Keeping track of the produce!


#1



https://www.codecademy.com/courses/python-beginner-en-IZ9Ra/1/3?curriculum_id=4f89dab3d788890003000096

Oops, try again. You should have exactly three print statements! (Make sure there are no occurrences of 'print' in any comment or string!)

I did it first without the last print comment and the same error pop'd up so I later thought it wanted me to have each fruit item (with its prices and stock #) separated from the other fruits but it still didn't work. It had the same error.

prices = {
"banana": 4,
"apple": 2,
"orange": 1.5,
"pear": 3
}

stock = {
'banana': 6,
'apple': 0,
'orange': 32,
'pear': 15
}

for key in prices:
    print key
    print 'price: %s' % prices[key]
    print 'stock: %s' % stock[key]
    #print

#2

Hi @jac52792,

Remove this comment entirely ...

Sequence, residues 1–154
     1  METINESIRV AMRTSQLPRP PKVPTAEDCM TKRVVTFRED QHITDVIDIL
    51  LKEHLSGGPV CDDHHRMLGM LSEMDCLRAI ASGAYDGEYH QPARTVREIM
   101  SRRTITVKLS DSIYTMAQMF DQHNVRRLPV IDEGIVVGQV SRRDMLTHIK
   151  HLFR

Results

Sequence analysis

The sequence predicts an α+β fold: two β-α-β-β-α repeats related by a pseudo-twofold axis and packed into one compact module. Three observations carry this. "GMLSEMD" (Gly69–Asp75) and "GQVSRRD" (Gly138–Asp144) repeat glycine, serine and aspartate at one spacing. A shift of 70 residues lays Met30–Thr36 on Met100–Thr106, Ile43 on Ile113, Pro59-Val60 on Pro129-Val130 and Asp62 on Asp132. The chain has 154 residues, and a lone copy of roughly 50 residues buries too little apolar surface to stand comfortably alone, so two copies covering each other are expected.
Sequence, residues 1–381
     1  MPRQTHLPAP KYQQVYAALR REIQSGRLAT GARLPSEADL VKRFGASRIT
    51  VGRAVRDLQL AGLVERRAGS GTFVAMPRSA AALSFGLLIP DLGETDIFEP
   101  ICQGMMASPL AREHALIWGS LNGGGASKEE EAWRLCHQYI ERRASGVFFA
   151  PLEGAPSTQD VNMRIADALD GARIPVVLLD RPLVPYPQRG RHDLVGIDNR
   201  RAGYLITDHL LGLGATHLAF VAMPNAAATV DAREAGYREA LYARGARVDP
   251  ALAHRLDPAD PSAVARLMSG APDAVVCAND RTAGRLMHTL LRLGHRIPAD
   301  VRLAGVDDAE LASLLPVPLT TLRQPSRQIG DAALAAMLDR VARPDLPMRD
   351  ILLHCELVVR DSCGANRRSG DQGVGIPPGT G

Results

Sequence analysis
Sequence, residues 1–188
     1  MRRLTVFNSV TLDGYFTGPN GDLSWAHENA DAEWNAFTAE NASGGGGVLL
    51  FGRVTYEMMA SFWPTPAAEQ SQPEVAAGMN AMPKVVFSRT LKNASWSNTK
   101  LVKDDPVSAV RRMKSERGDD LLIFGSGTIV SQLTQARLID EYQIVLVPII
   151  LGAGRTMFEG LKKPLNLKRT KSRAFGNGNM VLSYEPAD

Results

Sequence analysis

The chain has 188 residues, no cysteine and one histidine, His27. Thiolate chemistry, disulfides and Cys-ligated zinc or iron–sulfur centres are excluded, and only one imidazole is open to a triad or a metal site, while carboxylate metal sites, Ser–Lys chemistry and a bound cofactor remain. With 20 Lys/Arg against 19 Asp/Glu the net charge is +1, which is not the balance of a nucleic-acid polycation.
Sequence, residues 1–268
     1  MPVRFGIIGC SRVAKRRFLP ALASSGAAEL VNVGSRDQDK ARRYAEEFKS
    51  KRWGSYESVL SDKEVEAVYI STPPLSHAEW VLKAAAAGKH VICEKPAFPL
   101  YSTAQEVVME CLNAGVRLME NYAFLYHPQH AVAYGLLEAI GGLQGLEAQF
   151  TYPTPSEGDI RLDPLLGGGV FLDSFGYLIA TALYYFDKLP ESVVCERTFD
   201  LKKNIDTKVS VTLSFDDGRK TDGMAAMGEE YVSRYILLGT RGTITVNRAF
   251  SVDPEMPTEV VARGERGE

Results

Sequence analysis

#print

#3

doesn't the hashtag null the print??
anyways the same error is popping up.


#4

The # does denote a comment, and therefore the print on that line does not execute. However, Codecademy's submission correctness test (SCT) for this exercise counts all of the occurrences of print within the submitted code, including any that occur within a comment. That count must be exactly 3. You have 4 occurrences.


#5

I got it, you had me at SCT. I had my failed attempts of code also denoted by the '''.....'''.

The fourth print at the end does make it neater in that it separates all the fruits with their price and stock#. But I feel like there could be a better way in separating the keys instead of putting a print at the end or am I smoking???


#6

By inserting a \n, this statement would leave a blank line after all the information for each food item is displayed, but the SCT does not like it either ...

print "stock: %s\n" % (stock[key])

There's nothing inherently wrong with doing it that way; the issue is merely that the SCT considers it to not conform to the exercise specifications.

EDITED (January 22, 2017) to add the following solution to the problem ...

If you replace this ...

print 'stock: %s' % stock[key]

... with this ...

print 'stock: %s' % (stock[key]), '\n'

... the SCT is satisfied, and you get the blank line you are seeking.


#7

looks much much neater. If I got any q's I hope I get your responses


#8